When most people think about bookkeeping and accounting, they would be hard-pressed to describe the differences between each role.
Whilst bookkeepers and accountants share common goals, they support your business in different stages of the financial cycle. Bookkeeping is more transactional and administrative, concerned with recording financial transactions accurately and efficiently. Accounting is more subjective, giving the business insights based on the transactional information.
In this article, we’ll explain the functional differences between accounting and bookkeeping, as well as the differences between the roles of bookkeepers and accountants.
The function of bookkeeping
Bookkeeping is the process of recording daily transactions in a consistent a key requirement to build any financially successful business.
Bookkeeping is comprised of:
- Recording financial transactions onto the accounting system
- Producing sales invoices
- Posting and allocating purchase invoices
- Maintaining and balancing general ledgers, and subsidiary ledgers, such as the purchase ledger and sales ledger.
- Bank payments
- Bank reconciliations
- Completing payroll
Maintaining a general ledger is one of the main components of bookkeeping. The general ledger is a system whereby a bookkeeper records both sales, expense, and banking transactions, along with other accounting entries. The detailed sales and purchasing transactions usually also feed into integrated modules such as the purchase ledger for purchases and the sales ledgers for sales transactions. These subsidiary ledgers are detailed records of what the business owes or is owed, whereas the general ledger is a more summarised view. These ledgers can be created with specialised software, a computer spreadsheet, or simply on paper.
The complexity of a bookkeeping system often depends on the size of the business and the number of transactions that are completed daily, weekly, and monthly. All sales and purchases made by your business should be recorded in a ledger and will likely need supporting documents for review by regulatory bodies such as HMRC. The onus is growing on business owners to hold such information in recognised accounting software and it is expected that in time tax authorities will require the ability to be able to access these records remotely and in real time under the Making Tax Digital initiative.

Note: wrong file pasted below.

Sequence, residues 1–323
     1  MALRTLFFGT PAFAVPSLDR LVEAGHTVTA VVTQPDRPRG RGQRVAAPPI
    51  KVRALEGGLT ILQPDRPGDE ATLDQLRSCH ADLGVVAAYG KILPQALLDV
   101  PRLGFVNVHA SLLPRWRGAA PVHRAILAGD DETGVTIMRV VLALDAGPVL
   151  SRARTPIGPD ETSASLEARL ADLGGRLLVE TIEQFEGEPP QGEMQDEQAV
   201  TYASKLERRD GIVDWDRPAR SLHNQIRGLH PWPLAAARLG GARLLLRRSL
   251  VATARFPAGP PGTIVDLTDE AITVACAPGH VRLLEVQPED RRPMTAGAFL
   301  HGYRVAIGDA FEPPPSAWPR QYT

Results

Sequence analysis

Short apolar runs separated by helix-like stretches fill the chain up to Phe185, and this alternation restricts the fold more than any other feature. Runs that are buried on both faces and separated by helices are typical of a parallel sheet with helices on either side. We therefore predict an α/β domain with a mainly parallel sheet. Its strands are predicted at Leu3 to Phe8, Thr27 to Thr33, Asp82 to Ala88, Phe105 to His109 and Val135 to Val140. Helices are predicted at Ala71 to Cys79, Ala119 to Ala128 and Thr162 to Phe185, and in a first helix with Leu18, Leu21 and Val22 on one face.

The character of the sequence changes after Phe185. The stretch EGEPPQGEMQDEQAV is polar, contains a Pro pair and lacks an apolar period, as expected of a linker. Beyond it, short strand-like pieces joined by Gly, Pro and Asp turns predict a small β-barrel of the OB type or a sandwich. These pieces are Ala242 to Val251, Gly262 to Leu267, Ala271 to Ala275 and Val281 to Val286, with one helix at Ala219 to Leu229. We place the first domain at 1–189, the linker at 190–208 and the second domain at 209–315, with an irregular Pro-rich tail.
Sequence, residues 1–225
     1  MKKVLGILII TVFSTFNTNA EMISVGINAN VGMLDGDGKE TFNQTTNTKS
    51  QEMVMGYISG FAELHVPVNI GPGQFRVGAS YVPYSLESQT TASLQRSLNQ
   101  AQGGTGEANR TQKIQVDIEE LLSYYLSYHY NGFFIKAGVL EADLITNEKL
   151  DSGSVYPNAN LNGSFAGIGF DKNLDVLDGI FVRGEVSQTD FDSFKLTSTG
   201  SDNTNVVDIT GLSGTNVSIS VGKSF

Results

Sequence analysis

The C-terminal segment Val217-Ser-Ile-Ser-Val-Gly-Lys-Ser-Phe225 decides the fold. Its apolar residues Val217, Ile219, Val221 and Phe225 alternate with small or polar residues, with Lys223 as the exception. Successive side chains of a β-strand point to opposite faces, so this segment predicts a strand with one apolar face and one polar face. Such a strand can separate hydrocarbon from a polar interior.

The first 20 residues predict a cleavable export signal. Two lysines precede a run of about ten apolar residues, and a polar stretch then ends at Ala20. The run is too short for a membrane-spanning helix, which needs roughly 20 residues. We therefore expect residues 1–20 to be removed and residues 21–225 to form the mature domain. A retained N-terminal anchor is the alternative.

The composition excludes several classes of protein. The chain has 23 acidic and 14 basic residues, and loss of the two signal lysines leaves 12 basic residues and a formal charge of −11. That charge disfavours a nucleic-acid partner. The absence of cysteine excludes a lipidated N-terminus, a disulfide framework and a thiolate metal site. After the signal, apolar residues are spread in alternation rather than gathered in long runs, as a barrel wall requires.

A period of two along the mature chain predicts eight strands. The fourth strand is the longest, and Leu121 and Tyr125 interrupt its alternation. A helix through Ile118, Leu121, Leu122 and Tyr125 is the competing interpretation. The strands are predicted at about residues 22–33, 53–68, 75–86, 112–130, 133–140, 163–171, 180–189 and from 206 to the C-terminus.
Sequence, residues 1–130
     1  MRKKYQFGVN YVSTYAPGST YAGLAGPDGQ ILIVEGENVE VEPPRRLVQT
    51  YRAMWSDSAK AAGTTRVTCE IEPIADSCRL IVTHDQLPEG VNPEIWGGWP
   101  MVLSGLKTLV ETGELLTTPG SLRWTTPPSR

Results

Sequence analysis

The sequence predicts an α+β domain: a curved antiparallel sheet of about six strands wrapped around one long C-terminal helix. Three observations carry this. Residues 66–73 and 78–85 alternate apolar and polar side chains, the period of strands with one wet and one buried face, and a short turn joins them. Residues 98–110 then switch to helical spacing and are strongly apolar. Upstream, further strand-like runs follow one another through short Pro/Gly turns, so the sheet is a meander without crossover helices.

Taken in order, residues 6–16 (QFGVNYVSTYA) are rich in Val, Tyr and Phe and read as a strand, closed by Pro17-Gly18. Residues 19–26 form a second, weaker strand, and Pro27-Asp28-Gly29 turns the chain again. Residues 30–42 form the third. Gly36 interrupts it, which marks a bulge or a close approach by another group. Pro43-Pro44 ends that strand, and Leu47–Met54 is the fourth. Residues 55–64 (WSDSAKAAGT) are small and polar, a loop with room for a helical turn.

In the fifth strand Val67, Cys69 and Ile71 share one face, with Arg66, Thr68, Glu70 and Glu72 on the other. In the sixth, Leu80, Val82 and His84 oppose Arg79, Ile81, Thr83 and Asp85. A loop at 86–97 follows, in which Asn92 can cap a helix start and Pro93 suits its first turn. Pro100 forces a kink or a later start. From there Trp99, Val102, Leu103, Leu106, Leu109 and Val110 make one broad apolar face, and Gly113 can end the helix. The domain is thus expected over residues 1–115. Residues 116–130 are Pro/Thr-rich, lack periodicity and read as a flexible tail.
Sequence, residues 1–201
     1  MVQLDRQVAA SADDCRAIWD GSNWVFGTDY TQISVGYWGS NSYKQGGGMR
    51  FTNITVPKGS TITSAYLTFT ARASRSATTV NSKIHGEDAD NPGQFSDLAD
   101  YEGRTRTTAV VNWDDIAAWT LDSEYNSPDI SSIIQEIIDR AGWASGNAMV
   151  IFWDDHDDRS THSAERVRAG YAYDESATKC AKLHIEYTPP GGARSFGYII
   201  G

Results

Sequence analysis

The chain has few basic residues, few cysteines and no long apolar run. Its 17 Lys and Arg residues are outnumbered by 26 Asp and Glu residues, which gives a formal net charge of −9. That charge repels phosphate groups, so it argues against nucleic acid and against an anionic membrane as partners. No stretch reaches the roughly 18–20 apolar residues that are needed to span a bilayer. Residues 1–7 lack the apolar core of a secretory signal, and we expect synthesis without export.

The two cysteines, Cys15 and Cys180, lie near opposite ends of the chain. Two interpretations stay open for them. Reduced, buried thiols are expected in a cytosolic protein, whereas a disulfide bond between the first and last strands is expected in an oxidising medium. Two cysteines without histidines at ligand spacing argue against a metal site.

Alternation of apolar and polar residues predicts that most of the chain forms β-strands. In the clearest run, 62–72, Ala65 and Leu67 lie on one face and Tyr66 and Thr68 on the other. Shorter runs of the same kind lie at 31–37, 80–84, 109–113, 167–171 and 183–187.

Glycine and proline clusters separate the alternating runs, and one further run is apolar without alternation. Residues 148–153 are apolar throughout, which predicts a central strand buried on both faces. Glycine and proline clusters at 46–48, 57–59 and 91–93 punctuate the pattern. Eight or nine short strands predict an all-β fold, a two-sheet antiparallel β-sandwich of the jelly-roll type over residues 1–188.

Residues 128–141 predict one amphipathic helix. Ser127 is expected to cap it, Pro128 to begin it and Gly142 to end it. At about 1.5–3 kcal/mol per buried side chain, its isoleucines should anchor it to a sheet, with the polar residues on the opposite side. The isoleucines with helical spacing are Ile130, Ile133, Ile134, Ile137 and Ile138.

The function of accounting
An Accountant performs a higher-level role that uses financial information compiled by a bookkeeper of the business, and produces financial information using that data for a suite of purposes.
The process of accounting is more subjective than bookkeeping, and requires the accountant to interpret the data provided, which may result in adjustments to this data to generate more meaningful and accurate results.
Accounting is comprised of:
- Making adjusting entries (for example recording expenses that have occurred but have yet to be recorded in the bookkeeping process).
- Preparing management accounts, which are likely to be a detailed set of reports that assists business owners/ management to run their business. The frequency, complexity and nature of these reports will vary considerably from one business to another. These reports may incorporate KPI’s and dashboards to assist in this goal.
- Preparing company financial statements
- Analysing costs of operations and variances of both revenues and costs to budgets or forecasts.
- Analysing cash flow and preparing cash flow forecasts
- Aiding the business owner in understanding the impact of financial decisions
- Assisting in the compilation of a multitude of tax related returns (for example – Corporation Tax, VAT)
The accounting process provides reports that bring key financial indicators together. The result is a better understanding of actual profitability, and an awareness of cash flow in the business. Accounting turns the information from the ledgers into statements and reports that reveal the bigger picture of the business, and the path the company is progressing on. Business owners will often look to accountants for help with strategic tax planning and financial forecasting, as well as for compliance.
It is interesting to note that since the advent of accounting and bookkeeping software, some components of the accounting process have been absorbed into the bookkeeping process. For instance, bookkeeping software is typically capable of building financial statements—blurring some of the traditional lines between the bookkeeping and accounting processes.
Organised financial records and properly balanced finances produced by the bookkeeper, coupled with smart financial interpretation by the accountant, contribute directly to the long-term success of every business.
As your business grows, it’s essential to have trusted financial professionals managing your books and providing strategic financial advice. Some business owners learn to manage their finances on their own, while others opt to hire an outsourced professional so that they can focus on the parts of their business that they really love.
Our part-time and outsourced expertise will be tailored to the requirements of the business owner and may well only be for a handful of hours per month, but our team of experienced accountants will support you, saving your company time and money.
If you’re a business owner seeking a fresh set of eyes to assess your accounts or complete your payroll, the EFM team are here to help. Get in touch today via email or call 01582 516300 to set up your free one hour consultation.